Application for Scientific Permit – Available for Public Comment
Public comment on the following application for a Scientific Research (Fauna) Permit is open until 1 October 2021.
Title of research: Hooded plover nest protection on Tasmania’s east coast
Applicant: Northern Tasmanian Natural Resource Management Association Inc.
|Jeanneret Beach ||PWS reserve ||Bay of Fires Conservation Area ||7098119|
|Binalong Bay (beach) ||PWS reserve ||Bay of Fires Conservation Area ||7098119|
|Blanche Point ||PWS reserve ||St Helens Conservation Area ||7440607|
|Wrinklers Beach (Scamander River Mouth) ||PWS reserve ||Scamander Conservation Area ||7097837|
|Beaumaris Beach ||PWS reserve ||Scamander Conservation Area ||7097837|
|Four Mile Creek Beach ||PWS reserve ||Four Mile Creek Conservation Area ||No PID|
(Tenure ID 37419)
|Four Mile Creek Conservation Area ||No PID|
(Tenure ID 37419)
Aim of project
The aim of the project is to improve nesting success (number of chicks fledged) at up to six sites on Tasmania’s east coast which are identified as being at risk of failure due to human impacts such as crushing of eggs or chicks, excessive disturbance of adult birds resulting in nest failure, and predation by uncontrolled dogs.
- The involvement of animals is inherent in the project because the activity consists of a management intervention to improve nesting success for a threatened species (hooded plover (eastern)).
- The target geography on the east coast of Tasmania has been selected based on the concentration of towns and beach access points, the existing population of hooded plover (eastern), and levels of recreational beach usage during the hooded plover breeding season (September to March). The work is undertaken on reserved land because the species’ nesting habitat is predominantly on beaches, and the project areas are subject to public recreational access which can have an adverse impact on breeding success.
- The project is anticipated to have conservation and community awareness-raising outcomes which far outweigh the minor and controlled risk to individual animals.
Maximum likely numbers of individuals involved
12 adults birds (six pairs) per season for two seasons, and associated chicks. The same pairs may be protected and observed over both seasons.
Activities undertaken and methods
Hooded plover nests in priority locations where there is a high likelihood of impact from human activities will be demarcated with temporary fencing consisting of wooden stakes and rope, erected at a designated distance around each nest site. Signage will be placed at nearby beach access points, and on the beach at least ten metres from the temporary fence, explaining the purpose of the fencing and requesting beach users not to approach the fence.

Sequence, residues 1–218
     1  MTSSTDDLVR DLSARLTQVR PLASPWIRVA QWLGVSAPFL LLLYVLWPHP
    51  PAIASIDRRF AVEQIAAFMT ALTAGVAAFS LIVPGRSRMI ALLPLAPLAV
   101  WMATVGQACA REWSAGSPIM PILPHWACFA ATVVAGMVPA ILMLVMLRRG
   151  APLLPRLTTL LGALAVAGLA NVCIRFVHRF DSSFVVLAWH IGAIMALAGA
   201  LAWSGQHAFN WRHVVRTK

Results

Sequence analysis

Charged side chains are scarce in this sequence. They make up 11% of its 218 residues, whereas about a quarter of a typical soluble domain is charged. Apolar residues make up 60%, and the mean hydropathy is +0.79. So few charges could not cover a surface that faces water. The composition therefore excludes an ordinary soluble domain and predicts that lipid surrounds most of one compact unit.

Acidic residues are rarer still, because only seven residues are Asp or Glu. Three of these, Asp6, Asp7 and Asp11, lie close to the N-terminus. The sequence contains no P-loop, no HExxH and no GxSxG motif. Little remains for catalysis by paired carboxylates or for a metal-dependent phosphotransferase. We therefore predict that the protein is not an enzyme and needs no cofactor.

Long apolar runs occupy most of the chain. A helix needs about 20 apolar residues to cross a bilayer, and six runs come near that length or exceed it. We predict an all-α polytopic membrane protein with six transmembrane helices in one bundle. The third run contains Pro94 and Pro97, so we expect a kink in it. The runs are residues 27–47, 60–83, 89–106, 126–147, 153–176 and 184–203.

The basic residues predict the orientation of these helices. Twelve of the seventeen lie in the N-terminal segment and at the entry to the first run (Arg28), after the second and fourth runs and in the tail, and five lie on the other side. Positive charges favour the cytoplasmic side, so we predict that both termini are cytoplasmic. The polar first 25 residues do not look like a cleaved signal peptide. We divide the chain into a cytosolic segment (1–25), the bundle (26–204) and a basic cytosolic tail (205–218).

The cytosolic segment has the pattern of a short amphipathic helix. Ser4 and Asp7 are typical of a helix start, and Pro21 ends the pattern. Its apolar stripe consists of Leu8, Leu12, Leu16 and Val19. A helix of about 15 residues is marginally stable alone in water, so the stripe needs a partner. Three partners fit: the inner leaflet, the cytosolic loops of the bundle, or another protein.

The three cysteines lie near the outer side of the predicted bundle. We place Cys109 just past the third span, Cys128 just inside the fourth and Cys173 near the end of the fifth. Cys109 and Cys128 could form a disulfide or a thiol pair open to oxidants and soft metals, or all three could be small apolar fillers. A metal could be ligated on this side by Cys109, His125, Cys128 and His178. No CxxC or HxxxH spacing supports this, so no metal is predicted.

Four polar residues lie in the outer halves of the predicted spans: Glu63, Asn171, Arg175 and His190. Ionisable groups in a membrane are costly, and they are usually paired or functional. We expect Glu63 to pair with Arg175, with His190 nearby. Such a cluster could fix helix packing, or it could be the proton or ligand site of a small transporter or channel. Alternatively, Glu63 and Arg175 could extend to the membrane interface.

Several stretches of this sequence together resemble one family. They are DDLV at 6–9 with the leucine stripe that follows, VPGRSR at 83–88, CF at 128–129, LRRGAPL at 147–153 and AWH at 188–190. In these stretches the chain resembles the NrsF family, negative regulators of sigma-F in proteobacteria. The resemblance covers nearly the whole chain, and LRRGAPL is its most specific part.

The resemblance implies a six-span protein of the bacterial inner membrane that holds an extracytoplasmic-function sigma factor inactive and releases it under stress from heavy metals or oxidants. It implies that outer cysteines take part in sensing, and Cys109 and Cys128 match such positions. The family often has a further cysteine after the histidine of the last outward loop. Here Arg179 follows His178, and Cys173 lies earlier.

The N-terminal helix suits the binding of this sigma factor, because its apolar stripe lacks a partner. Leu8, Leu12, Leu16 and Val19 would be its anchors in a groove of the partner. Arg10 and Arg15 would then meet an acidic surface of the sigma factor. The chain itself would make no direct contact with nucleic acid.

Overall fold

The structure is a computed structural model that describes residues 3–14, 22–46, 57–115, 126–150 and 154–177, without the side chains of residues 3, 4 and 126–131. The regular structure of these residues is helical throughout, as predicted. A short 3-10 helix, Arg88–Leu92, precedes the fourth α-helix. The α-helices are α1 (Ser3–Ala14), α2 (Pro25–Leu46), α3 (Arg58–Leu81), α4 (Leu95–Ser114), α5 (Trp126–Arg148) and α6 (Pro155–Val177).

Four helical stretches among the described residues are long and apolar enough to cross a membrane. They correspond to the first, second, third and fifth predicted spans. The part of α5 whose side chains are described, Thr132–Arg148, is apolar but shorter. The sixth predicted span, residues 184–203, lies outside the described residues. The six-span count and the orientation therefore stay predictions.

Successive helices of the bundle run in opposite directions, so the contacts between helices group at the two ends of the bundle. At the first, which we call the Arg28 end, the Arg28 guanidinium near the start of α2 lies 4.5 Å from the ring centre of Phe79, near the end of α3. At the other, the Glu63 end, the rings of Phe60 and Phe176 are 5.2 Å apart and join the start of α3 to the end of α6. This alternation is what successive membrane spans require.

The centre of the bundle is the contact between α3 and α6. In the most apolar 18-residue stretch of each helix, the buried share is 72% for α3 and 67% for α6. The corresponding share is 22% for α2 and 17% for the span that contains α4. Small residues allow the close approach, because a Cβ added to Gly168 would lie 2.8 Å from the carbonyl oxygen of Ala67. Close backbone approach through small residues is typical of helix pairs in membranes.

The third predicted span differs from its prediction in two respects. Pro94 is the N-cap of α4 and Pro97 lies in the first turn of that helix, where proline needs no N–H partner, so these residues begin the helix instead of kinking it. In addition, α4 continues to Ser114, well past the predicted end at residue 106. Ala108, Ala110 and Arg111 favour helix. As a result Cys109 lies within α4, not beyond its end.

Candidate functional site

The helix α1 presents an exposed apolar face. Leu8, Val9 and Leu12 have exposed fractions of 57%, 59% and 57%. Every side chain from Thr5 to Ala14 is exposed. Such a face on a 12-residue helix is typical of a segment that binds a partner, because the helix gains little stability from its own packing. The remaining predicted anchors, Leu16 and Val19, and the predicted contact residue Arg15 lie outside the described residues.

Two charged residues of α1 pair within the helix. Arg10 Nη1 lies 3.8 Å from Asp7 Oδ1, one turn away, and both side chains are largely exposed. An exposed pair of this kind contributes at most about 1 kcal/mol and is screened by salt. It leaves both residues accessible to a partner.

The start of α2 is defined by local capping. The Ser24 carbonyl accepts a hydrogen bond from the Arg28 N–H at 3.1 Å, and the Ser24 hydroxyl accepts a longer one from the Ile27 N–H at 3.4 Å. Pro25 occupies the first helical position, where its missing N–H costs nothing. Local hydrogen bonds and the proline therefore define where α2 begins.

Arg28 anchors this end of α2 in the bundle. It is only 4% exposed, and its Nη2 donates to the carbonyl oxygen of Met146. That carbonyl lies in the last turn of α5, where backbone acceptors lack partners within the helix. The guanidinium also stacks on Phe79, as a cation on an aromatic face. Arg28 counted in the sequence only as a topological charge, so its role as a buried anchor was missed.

Hooded plover pairs, nests and chicks will be monitored by observation through binoculars one to two times per week for the duration of the breeding season, initially to identify breeding behaviour and the likely location of a nest, and subsequently to monitor the fate of eggs and chicks at the site.
Fate of animals
The activity does not involve capture of animals. Hooded plover adults and chicks will be observed for the duration of the breeding season (approximately September to March inclusive). At the conclusion of the breeding season, when a clutch is confirmed as either fledged or failed, temporary fencing materials will be removed from the vicinity of nesting sites. Adult hooded plovers and chicks will continue their normal non-breeding season behaviours without further intervention or observation.
Likely impact on species involved (including any by-catch)
The only likely impact is short-term disturbance while temporary fencing and signage is erected. The methodology has had a documented positive effect on nesting success for hooded plover in other jurisdictions over a period of more than ten years.
There is a low risk of impact to any non-target species. Any impact would be limited to minor and temporary disturbance of other shorebirds present when monitoring and the erection of fencing is carried out.